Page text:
Thesis: Sedimentology of microbialite-bearing coastal lake systems: example from Rottnest Island
Coastal lakes are a common feature of coastlines globally and may contain records of Holocene environmental change. Southwest WA hosts several such lake systems, including at Yalgorup National Park (e.g. Lake Clifton), Lake Walyungup and Lake Thetis. These lakes host microbial ecosystems that form domal carbonate structures called microbialites, including stromatolites (layered internal structure) and thrombolities (clotted internal structure). These are modern analogues of ancient examples which provide the first fossil evidence for life, from about 3.5 billion years ago. Studies of coastal lake systems typically focus on the depositional history of the lakes, often as it relates to the microbialites. Few studies exist on the modern sedimentology of coastal lake systems.
Rottnest Island contains six permanent and two ephemeral lakes on the western side of the island. While microbialites have been recognised on the island since the work of Playford (1977, 1988) no detailed work has been done on them. Similarly, the sedimentology of the lakes, both modern and recent, has received little attention.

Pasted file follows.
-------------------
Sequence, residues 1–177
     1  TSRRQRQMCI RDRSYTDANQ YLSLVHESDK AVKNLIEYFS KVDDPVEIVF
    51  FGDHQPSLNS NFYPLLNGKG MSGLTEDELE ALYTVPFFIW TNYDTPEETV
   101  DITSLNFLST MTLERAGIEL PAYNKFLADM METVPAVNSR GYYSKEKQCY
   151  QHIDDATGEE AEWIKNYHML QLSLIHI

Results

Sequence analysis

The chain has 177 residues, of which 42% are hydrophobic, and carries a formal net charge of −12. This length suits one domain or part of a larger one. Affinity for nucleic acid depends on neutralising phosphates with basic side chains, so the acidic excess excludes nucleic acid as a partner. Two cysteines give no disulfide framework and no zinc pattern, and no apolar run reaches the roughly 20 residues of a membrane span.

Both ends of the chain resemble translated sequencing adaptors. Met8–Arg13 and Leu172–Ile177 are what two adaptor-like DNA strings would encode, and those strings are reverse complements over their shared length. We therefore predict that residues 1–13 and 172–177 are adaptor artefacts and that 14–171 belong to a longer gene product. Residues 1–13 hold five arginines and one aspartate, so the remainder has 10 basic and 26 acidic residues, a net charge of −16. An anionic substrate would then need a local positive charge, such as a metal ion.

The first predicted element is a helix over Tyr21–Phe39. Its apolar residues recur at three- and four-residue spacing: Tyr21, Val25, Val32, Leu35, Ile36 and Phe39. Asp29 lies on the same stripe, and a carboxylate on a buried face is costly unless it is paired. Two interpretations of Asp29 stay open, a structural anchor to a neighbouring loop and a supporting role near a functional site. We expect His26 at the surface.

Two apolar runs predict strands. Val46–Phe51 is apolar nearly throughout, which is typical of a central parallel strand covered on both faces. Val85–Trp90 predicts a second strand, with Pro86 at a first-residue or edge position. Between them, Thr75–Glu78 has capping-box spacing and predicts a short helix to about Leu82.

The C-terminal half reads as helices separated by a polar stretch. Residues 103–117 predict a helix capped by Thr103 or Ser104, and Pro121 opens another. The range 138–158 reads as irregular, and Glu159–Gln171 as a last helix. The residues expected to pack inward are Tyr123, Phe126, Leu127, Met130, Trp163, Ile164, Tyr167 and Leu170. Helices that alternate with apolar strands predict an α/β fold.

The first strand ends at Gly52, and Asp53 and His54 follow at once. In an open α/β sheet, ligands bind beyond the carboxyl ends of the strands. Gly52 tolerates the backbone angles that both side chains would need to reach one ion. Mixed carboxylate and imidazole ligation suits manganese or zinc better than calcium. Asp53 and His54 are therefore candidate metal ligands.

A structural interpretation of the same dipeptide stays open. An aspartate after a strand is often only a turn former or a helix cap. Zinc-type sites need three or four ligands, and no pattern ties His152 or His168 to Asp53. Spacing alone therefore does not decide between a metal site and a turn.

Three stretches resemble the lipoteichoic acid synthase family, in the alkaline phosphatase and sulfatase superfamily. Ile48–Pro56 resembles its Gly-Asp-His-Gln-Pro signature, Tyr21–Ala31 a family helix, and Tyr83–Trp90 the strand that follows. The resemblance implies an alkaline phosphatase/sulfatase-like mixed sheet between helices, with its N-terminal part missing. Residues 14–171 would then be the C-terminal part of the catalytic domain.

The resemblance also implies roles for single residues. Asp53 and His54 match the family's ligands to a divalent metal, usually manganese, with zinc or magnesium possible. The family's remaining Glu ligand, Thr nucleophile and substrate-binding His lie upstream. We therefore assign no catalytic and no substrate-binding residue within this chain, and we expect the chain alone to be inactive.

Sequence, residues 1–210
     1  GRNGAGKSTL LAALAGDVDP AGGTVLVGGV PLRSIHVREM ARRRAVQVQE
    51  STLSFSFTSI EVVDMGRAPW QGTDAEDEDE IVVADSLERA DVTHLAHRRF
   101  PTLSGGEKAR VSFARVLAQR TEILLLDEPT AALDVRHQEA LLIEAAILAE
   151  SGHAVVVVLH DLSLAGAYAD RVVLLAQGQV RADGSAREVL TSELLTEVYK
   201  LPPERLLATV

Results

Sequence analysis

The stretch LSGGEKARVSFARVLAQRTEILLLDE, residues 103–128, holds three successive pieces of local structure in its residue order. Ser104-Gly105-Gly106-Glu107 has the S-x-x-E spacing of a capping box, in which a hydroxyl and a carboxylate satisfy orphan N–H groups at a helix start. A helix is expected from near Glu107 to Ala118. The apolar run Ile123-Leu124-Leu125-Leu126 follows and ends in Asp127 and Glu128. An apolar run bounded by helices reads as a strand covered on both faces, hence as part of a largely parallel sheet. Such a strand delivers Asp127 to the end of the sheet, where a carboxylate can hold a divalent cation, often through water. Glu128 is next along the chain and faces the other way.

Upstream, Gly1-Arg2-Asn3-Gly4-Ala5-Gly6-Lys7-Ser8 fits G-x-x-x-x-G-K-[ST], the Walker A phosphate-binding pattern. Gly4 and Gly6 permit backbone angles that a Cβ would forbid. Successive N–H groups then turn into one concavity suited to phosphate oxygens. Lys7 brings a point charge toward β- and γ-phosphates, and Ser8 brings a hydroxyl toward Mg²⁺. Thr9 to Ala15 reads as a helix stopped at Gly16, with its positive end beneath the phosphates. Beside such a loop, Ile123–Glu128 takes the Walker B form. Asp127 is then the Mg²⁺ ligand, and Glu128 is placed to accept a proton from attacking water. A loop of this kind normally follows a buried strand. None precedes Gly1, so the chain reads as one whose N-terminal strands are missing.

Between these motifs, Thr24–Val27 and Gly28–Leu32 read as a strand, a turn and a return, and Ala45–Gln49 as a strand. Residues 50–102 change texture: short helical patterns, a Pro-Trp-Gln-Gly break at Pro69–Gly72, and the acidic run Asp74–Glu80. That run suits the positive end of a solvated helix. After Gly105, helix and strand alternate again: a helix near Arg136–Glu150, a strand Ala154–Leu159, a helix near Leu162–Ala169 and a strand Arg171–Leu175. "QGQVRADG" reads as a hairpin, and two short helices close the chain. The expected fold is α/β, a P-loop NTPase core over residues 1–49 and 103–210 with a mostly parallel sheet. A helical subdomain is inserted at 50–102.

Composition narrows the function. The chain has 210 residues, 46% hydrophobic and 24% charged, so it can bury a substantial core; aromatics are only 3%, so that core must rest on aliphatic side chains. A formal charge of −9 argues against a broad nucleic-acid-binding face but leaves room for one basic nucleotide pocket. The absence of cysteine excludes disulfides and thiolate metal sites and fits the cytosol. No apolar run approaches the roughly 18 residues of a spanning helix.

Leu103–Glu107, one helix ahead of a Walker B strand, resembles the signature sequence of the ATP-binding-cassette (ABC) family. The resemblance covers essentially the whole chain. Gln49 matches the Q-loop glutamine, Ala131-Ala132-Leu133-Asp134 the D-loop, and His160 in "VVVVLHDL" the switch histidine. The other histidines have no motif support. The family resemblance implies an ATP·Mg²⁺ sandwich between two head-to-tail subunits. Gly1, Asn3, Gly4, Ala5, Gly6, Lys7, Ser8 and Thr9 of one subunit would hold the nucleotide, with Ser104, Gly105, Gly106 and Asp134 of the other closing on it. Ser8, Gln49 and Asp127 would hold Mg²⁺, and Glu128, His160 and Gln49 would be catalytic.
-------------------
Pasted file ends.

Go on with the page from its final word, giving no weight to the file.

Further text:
Part (1) of this study will characterise the modern sedimentology of the lakes on Rottnest Island, with surface sediment samples and grainsize / component / and mineralogical (X-ray diffraction) analysis.
Part (2) of this study will establish the Holocene history of the lakes, through integration of stable isotope geochemistry and radiometric (14C, 210Pb) dating of microbial and associated facies.
Part (3) will characterise the microbialites forming in the and around the lakes, primarily through petrographic (light and scanning electron microscopy) and mineralogical (Energy dispersive spectroscopy, X-ray diffraction) analysis.
Why my research is important
This work will provide a baseline on the modern sedimentology of the Rottnest Island lakes, which can be used to reference future environmental change against.
New data on Holocene environmental change, including climate and sea level change will be produced.
Finally this study will provide the first detailed study of the microbialites forming around the lakes, including new data on their tolerance to environmental change.